Sunday, October 28, 2007

Off the deep end

At an appearance at Carnegie Hall on Friday, J. K. Rowling revealed that she intended the character of Albus Dumbledore in the Harry Potter series to be homosexual. His love interest, she says, was not Harry (we can be grateful that approval of man-boy love is still a few years off for the elites) but wizard Gellert Grindelwald, the book's shadowy magical rival to Dumbledore.

I can't decide what to think of her. Now that she'd absurdly rich, is she pandering to her trendy new friends in the elites? Is she just a modernist PC woman with the usual modernist PC assumptions about morals? Perhaps a little of both.

And besides that, I wonder if there isn't a huge, characteristically PC blind spot operating in her as well. The contemporary worldview has completely lost sight of the possibility of men forming deep friendships without those friendships being, or becoming, erotic. If you find a kindred spirit in another person of the same sex, modern people think, of course you're going to want to go to bed with them. If you think differently, they say, you're just fooling yourself. Find two male friends together? Must be secretly gay. No other explanation need apply.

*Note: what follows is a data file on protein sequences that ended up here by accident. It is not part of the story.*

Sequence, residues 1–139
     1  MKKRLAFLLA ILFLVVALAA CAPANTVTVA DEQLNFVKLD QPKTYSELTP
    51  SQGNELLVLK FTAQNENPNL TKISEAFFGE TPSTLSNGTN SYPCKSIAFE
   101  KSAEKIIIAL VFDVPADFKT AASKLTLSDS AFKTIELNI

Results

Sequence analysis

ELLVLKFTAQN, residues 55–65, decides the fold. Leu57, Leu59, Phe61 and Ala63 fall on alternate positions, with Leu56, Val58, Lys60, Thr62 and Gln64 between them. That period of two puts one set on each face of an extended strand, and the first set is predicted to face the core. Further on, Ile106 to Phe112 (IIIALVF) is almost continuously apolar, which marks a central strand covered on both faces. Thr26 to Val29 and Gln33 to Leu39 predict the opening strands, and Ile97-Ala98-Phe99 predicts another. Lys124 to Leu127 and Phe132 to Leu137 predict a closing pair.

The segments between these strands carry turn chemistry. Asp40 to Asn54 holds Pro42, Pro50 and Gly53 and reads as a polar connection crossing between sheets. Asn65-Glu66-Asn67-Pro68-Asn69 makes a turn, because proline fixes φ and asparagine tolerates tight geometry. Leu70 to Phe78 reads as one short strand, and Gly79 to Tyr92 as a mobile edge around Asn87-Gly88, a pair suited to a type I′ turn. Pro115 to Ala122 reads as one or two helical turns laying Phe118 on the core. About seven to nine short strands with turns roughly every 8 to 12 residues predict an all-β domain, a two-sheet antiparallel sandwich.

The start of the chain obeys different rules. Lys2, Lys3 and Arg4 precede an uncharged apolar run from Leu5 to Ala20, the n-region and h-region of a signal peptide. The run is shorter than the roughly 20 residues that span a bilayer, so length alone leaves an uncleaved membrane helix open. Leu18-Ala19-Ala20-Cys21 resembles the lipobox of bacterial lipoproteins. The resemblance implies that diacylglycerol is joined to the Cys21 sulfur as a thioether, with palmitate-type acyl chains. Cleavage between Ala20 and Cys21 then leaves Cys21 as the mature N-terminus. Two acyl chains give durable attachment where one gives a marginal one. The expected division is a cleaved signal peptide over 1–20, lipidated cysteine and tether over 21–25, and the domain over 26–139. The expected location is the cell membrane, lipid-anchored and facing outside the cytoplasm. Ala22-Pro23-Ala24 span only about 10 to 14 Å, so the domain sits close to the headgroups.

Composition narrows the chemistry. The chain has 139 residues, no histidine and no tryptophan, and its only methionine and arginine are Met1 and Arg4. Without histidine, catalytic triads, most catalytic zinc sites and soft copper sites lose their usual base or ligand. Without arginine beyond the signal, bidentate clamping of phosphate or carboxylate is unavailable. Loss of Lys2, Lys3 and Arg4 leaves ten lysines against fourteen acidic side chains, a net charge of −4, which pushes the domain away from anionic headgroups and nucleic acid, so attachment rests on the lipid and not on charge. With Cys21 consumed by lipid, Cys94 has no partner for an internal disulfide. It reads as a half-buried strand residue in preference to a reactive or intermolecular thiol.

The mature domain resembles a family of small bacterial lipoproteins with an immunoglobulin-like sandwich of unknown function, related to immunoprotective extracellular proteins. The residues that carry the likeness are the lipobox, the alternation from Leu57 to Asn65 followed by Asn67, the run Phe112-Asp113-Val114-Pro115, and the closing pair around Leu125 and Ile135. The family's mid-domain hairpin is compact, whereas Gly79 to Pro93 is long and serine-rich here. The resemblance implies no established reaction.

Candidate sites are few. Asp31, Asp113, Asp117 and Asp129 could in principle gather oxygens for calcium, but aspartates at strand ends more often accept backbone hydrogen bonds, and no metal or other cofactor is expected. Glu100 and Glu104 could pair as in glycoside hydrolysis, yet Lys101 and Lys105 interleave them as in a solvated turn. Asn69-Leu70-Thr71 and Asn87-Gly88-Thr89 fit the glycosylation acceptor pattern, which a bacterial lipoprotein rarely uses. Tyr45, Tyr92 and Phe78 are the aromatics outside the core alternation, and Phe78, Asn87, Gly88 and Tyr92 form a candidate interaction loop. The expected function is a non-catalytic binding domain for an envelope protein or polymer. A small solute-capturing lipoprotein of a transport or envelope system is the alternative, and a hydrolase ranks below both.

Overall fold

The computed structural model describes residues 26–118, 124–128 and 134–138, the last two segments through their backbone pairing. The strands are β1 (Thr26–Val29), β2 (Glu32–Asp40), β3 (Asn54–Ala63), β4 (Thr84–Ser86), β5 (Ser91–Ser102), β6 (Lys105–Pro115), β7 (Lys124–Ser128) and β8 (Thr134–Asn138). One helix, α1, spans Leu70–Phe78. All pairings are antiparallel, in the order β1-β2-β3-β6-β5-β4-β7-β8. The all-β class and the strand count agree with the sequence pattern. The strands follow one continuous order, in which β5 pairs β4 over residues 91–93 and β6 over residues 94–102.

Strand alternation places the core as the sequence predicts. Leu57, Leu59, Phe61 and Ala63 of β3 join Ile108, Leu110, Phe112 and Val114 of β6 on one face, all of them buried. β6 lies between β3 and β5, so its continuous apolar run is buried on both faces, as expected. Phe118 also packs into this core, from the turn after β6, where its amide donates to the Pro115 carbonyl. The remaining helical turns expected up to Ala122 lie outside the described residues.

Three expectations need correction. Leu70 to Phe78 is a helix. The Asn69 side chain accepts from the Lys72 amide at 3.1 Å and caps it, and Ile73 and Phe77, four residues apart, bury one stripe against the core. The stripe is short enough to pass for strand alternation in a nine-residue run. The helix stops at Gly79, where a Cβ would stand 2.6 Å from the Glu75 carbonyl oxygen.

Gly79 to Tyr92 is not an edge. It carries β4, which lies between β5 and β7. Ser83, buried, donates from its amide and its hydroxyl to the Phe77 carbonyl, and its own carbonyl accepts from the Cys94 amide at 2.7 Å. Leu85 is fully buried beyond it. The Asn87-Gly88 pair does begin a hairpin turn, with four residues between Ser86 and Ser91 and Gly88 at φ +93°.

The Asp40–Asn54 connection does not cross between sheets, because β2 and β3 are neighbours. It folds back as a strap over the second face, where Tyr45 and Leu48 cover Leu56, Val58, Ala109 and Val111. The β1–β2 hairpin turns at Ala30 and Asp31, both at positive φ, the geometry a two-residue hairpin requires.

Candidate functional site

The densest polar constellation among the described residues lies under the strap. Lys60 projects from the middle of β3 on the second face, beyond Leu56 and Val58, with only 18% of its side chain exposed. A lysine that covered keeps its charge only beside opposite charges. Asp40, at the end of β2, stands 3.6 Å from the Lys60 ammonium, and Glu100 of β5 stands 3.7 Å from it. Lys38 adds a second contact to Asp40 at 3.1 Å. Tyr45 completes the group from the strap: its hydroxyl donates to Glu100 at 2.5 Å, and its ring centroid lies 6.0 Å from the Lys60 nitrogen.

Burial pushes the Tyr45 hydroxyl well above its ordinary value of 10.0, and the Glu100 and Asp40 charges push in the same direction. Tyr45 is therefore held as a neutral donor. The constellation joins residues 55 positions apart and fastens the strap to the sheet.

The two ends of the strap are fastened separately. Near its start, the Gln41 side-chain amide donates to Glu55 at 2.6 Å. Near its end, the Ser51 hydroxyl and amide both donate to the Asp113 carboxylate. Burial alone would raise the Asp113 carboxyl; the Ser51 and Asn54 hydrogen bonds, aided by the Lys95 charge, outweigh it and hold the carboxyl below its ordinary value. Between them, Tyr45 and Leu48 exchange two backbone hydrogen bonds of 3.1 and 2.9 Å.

It's an arid, simplistic view of human nature.

I've defended the Potter novels against accusations of promoting real witchcraft more than once in this space. I still stand by that assessment. But it's clear to me that by choosing to twist the endearing character of Dumbledore this way, Rowling now joins the legions of other modernists hoping to foster a complete acceptance of homosexuality in her many young readers.


Won't be seeing any of the upcoming Potter movies. That's about all I can do in the way of protest, since the books are already bought and on my shelves. I'll be curious about the movies, but not curious enough to put another penny into Rowling's already-bulging pockets.

Too bad, really. She was never a very good writer, but she could conceive a good story, and could certainly capture a place in the contemporary imagination. Her hope for lasting literary fame was to remain true to the Christian foundations of her imaginary world. Now that that's gone, she will be, too.

I'll make a prediction: in a hundred years, people will be still be reading Tolkien avidly. But when Rowling's name is mentioned, they'll say: "Who?"